Japan's auto exports in April more than doubled from a year earlier, with semiconductor shipments up 35.5 per cent.
Japan's auto exports to the United States and Asia, including mainland China, rose significantly. Auto shipments to the European Union also surged 49.7 per cent year-on-year.
Experts are broadly optimistic about Japan’s prospects. In their view, data show strong recovery of the world economy, partly because it involves demand for basic items used in everyday life whose purchase customers can put off to better times.
Cars and high-tech are vital: Japan leads the world in both in terms of output, development and innovation.
A strong recovery in these sectors will boost investment and employment, stimulating domestic consumption.
Japan's imports also rose in April, by 24.2 per cent to 5.1 trillion yen, leaving it with a healthy trade surplus of 742 billion yen.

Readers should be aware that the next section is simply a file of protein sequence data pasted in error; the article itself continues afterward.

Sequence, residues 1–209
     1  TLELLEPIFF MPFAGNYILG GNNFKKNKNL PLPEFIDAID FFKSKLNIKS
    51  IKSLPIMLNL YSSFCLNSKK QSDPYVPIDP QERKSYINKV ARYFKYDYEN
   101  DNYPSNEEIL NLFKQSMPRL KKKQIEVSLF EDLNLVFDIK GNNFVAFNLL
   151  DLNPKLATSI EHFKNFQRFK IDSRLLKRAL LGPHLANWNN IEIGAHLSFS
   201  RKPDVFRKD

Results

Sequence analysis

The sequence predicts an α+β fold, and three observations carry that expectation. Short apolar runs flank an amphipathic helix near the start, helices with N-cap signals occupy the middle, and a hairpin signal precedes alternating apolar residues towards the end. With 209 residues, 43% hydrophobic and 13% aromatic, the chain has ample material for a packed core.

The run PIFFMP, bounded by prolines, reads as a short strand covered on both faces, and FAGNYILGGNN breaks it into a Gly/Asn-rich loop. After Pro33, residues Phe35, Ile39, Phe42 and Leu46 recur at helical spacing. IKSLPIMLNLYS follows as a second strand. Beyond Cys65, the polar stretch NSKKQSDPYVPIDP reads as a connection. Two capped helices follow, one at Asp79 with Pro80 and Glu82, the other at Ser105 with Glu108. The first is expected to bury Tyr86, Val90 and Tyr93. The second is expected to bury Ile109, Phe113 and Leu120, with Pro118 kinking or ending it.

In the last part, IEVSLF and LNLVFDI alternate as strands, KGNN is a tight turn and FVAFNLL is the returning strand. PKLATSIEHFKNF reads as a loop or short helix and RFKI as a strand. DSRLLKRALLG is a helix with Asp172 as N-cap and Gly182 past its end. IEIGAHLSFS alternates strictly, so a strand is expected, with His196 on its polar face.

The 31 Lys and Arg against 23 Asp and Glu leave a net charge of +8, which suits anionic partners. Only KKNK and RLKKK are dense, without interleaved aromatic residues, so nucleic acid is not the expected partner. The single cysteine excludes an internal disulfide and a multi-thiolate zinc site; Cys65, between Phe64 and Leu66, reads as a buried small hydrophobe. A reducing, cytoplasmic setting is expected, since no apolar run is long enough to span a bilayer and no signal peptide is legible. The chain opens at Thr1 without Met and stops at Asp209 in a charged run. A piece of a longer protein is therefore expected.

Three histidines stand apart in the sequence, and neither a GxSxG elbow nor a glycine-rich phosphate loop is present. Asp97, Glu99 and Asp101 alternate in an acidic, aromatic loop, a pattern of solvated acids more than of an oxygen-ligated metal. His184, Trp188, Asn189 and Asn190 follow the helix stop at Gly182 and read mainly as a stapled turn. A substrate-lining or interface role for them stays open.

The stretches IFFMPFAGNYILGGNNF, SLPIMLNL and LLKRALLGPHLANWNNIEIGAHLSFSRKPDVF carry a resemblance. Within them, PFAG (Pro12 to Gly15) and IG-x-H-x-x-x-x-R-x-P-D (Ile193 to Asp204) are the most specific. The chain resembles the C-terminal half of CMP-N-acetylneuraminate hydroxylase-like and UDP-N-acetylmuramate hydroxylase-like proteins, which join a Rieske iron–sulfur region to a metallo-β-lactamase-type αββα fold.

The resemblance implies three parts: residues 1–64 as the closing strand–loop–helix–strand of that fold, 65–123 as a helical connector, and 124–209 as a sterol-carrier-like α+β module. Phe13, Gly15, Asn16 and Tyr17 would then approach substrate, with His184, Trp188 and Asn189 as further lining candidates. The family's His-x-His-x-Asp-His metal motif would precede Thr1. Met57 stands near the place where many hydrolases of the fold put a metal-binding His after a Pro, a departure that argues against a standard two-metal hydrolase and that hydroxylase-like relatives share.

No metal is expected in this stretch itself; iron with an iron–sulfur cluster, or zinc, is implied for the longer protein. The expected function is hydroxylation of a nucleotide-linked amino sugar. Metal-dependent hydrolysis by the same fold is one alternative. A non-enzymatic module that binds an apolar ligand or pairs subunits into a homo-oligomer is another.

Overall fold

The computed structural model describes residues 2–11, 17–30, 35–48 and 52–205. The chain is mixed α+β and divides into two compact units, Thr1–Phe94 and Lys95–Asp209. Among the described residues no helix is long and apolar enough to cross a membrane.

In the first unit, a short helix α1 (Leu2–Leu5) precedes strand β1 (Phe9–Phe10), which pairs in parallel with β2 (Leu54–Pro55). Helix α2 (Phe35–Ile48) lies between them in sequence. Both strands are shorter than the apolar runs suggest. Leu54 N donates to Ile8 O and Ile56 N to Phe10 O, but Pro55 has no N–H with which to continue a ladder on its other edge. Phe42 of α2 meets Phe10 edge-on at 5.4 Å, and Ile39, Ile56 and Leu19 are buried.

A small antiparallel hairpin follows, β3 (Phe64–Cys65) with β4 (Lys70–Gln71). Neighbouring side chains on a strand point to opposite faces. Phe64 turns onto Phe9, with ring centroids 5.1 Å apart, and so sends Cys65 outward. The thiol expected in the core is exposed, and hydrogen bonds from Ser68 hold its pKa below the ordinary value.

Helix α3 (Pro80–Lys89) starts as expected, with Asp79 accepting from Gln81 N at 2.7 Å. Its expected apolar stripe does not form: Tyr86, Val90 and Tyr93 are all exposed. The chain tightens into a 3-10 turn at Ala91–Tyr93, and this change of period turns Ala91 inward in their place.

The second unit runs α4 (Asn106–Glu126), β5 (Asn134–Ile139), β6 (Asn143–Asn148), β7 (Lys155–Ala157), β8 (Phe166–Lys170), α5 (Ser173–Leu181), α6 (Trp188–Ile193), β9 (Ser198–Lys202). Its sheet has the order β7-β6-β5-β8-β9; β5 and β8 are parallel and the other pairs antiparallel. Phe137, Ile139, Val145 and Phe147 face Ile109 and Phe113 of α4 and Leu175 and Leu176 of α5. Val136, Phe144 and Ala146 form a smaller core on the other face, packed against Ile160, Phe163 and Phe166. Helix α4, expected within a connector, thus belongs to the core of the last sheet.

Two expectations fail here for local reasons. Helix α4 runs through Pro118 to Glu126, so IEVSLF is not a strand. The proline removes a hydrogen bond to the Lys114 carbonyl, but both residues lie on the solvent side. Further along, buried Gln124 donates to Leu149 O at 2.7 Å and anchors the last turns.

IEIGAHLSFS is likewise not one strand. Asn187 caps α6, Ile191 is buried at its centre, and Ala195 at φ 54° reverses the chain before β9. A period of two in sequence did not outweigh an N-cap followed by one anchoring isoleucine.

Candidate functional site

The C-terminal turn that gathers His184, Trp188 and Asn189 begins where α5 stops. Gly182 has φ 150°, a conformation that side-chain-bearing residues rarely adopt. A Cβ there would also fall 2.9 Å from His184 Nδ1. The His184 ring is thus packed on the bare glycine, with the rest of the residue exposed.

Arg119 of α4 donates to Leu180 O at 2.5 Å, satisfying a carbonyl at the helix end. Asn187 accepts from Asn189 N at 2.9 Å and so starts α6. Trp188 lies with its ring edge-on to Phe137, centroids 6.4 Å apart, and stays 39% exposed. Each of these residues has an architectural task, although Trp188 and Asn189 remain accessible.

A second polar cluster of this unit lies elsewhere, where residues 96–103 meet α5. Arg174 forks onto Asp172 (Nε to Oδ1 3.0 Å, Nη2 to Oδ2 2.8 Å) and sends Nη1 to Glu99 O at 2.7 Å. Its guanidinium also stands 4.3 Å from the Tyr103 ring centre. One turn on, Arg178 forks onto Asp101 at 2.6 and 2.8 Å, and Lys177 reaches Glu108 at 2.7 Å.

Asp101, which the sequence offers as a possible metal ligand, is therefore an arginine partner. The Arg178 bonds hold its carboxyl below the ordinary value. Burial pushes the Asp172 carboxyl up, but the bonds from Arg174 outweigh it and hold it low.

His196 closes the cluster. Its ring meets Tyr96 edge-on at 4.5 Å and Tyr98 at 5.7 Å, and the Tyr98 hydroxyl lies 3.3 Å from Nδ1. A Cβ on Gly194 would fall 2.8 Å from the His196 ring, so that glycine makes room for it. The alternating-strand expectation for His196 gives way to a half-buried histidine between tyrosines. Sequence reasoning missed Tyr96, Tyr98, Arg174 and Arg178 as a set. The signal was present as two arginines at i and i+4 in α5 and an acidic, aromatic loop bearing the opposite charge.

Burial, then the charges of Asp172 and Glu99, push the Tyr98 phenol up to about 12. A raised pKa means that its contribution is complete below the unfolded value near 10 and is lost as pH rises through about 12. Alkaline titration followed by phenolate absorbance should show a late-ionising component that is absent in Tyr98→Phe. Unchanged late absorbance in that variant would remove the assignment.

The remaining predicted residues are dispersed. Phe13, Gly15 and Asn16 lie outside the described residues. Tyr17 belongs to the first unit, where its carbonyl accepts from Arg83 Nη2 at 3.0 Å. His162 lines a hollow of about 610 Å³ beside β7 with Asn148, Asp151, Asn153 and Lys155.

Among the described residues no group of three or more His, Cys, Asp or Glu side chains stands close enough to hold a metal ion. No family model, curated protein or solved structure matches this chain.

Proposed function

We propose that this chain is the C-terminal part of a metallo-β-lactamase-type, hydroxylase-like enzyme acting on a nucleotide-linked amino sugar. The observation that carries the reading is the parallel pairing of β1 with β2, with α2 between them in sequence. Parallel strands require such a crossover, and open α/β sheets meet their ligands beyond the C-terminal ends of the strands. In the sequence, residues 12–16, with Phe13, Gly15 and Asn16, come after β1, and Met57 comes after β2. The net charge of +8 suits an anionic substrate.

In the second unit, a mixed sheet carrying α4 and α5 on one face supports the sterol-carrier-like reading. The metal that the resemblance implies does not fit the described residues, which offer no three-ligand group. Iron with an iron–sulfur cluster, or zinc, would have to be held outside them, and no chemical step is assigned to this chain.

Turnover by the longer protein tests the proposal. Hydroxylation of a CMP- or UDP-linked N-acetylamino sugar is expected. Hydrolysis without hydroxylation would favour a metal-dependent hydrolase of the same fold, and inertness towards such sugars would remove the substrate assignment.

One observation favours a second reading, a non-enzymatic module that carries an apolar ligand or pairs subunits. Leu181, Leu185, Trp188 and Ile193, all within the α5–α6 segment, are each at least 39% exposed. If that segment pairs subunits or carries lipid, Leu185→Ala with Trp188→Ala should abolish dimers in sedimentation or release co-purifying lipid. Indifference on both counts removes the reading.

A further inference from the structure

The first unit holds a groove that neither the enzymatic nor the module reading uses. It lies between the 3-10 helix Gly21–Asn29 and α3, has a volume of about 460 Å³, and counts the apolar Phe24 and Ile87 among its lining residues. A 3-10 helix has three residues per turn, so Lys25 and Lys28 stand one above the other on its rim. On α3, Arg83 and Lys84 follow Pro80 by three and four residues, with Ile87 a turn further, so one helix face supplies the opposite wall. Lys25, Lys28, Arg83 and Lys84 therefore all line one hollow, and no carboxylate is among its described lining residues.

Other analysts note however that exports to Europe involve orders from previous months; they have taken a wait-and-see attitude in view of the debt crisis in the Euro zone.
With sales to Europe increasing “only” 19.8 per cent, less than in previous months, Japan is turning towards Asia, which accounts for 56 per cent of its total shipments. Hence, the European crisis does not appear to be dampening Japan’s recovery. In fact, exports to mainland China alone jumped 41.4 per cent.
A slowdown in exports to Europe is also the consequence of a stronger yen, which gained about 14 per cent against the euro this month, raising the cost of Japanese goods in Europe.
Overall, Japan’s annualized growth GDP rose 4.9 per cent in the first quarter of the year.